Senator Dianne Feinstein calls to end irresponsible ethanol subsidies

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If the cattle industry received the same government support as the ethanol industry, ranchers would get generous subsidies to raise their stock, the American public would be mandated to consume certain amounts of beef and most foreign cattle would carry punitive import tariffs.

 Of course this is not the case.

 Ethanol is the only industry that benefits from such a triple crown of government intervention: its use is mandated by law, oil companies are paid by the federal government to use it and it is protected by tariffs. I believe it is time to end this outdated policy that is fiscally irresponsible, environmentally unwise and makes our country more dependent on foreign oil.

 Last month, I introduced legislation to repeal the 45-cent-per-gallon corn ethanol subsidies and reduce the ethanol tariff. My bill would eliminate a subsidy that costs taxpayers nearly $6 billion a year while continuing to support producers of non-corn, second-generation “advanced biofuels” that are more environmentally friendly and non-market distorting.

 The practice of subsidizing the blending of corn ethanol into gasoline is fiscally indefensible. If this policy were to remain in place, the U.S. Treasury would pay oil companies at least $31 billion to use 69 billion gallons of corn ethanol over the next five years, even though the Federal Renewable Fuels Standard already requires those companies to use ethanol.

 It makes no sense, and we cannot afford to pay the oil industry to obey the law. Plus, large oil companies certainly don’t need more financial help from taxpayers. The cattle industry and other animal agriculture industries are disadvantaged in this equation. It is increasingly more expensive for ranchers to buy feed, largely because they directly compete with ethanol producers for corn.

 In 2000, approximately 7 percent of the U.S. corn crop was used to produce ethanol. By 2010, that number had risen to 39 percent. And it will continue to rise until we shift from corn ethanol to advanced biofuels that lower pollution and do not distort markets for food and feed.

 Another flaw with current policy: Ethanol tariffs make our country more dependent on foreign oil. The tariffs are more than 14-cents-per-gallon higher than the ethanol subsidy they supposedly offset. This lack of parity means imported ethanol suffers a competitive disadvantage against imported oil. By leveling the playing field between imported oil and imported low-carbon ethanol, my bill would diversify our fuel supply, replace oil imports from OPEC countries with low carbon sugarcane ethanol from Brazil, India and Australia and expand our trade relationships with democratic states. The costs of ethanol subsidies and tariffs far outweigh the benefits.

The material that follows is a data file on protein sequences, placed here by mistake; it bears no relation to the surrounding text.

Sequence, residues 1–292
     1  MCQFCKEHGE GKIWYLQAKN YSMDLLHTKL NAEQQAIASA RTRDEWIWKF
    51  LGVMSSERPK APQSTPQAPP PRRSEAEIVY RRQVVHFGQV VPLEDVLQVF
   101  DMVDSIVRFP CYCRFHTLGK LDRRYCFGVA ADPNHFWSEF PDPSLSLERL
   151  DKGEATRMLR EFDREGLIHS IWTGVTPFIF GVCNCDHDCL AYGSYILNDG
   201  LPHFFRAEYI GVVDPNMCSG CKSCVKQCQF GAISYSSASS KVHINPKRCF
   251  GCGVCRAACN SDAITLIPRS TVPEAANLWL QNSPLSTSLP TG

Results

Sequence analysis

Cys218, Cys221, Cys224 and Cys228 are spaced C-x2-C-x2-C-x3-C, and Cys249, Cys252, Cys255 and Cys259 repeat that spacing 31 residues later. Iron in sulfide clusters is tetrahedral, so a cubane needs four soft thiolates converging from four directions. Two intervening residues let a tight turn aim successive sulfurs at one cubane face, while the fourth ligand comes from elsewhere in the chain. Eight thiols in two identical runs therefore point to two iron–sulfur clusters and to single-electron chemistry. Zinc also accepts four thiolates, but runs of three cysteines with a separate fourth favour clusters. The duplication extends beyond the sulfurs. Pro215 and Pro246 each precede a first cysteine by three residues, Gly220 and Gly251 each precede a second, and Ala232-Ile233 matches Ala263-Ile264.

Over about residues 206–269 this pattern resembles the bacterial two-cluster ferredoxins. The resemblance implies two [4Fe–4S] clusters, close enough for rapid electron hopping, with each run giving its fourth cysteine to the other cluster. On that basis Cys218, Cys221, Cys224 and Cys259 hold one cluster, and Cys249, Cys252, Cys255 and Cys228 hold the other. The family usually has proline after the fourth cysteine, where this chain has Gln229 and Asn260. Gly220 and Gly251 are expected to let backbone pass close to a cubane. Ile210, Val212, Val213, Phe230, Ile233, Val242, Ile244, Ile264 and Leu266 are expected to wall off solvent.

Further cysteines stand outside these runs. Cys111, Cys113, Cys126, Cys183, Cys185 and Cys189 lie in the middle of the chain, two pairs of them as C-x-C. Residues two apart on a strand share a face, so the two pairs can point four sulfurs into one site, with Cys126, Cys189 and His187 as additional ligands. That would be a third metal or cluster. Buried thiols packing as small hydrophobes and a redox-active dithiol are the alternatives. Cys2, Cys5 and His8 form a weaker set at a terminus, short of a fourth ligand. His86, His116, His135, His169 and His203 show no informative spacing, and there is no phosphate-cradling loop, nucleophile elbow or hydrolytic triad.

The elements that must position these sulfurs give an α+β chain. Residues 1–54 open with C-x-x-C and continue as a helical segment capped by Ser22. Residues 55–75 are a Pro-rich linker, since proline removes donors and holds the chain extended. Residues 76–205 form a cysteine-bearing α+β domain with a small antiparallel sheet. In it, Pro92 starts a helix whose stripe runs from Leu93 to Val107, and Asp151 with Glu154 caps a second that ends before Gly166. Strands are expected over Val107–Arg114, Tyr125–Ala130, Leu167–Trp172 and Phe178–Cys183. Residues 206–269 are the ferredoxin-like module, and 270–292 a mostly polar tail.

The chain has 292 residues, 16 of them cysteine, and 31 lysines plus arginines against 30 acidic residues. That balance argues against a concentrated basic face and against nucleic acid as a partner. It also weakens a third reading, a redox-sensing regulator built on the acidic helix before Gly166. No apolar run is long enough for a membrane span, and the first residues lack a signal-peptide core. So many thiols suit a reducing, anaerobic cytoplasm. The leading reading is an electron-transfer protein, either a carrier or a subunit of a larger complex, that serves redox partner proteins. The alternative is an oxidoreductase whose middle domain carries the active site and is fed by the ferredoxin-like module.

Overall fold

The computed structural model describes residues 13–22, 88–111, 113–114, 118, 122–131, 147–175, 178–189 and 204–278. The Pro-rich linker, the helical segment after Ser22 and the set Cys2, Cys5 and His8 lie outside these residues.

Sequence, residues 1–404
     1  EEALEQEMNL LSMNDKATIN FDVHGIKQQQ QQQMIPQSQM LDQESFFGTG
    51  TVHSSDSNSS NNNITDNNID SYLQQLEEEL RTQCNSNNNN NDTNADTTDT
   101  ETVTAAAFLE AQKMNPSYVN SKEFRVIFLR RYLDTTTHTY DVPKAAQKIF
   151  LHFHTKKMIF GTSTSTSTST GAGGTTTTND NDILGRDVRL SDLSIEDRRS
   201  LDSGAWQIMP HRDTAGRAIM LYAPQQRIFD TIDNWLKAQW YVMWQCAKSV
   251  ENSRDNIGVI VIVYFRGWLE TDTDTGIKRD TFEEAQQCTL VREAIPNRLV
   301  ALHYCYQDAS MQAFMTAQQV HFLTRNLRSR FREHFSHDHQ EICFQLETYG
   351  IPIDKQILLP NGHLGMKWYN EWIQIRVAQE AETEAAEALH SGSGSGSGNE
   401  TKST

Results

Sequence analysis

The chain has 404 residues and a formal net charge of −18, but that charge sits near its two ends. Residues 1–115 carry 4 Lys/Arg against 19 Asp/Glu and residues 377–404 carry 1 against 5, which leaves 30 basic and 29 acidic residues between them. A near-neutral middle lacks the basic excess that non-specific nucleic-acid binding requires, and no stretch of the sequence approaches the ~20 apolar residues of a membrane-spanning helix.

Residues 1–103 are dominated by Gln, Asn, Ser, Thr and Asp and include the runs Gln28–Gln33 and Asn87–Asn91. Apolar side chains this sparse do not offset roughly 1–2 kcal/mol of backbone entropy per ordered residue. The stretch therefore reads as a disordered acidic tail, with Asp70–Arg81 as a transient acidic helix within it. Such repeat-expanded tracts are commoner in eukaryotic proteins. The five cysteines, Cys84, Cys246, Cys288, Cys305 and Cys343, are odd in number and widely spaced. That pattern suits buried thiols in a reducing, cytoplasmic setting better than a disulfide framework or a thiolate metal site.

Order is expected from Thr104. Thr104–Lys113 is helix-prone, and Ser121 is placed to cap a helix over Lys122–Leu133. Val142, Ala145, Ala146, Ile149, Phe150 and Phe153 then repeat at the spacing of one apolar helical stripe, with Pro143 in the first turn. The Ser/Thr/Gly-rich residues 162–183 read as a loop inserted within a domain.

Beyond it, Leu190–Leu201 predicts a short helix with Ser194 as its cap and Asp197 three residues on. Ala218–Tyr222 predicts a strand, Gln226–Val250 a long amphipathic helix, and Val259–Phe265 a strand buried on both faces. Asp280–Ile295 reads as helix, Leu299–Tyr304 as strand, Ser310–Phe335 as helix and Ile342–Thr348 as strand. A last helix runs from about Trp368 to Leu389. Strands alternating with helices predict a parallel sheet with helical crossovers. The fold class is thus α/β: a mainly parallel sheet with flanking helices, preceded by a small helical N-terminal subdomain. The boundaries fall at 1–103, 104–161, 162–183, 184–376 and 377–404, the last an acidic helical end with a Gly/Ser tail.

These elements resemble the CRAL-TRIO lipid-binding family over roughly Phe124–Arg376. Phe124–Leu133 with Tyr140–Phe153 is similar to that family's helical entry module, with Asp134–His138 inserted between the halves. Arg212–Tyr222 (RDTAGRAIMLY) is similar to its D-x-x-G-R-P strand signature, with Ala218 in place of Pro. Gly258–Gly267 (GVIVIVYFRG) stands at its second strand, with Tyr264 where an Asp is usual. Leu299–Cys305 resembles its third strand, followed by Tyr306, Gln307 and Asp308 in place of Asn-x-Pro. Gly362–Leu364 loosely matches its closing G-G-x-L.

The Center for Agricultural and Rural Development at Iowa State University recently estimated that a one-year extension of the ethanol subsidy and tariff would lead to only 427 additional direct domestic jobs at a cost of almost $6 billion, or roughly $14 million of taxpayer money per job. According to a July 2010 study by the Congressional Budget Office, ethanol tax credits cost taxpayers $1.78 for each gallon of gasoline consumption reduced, and $750 for each metric ton of carbon dioxide equivalent emissions reduced.
 
Developing and growing clean energy sectors are important goals, but we must do so responsibly. Eliminating the corn ethanol subsidy, lowering import tariffs and supporting non-corn ethanol are all steps that move us in the right direction.

Source: U.S. Senator Dianne Feinstein (D-Calif.)


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Charlie Peters    
Hayward  |  April, 26, 2011 at 05:52 AM

Audit the fed, support HR 459 Paul

Charlie Peters    
Hayward CA  |  April, 23, 2012 at 02:04 PM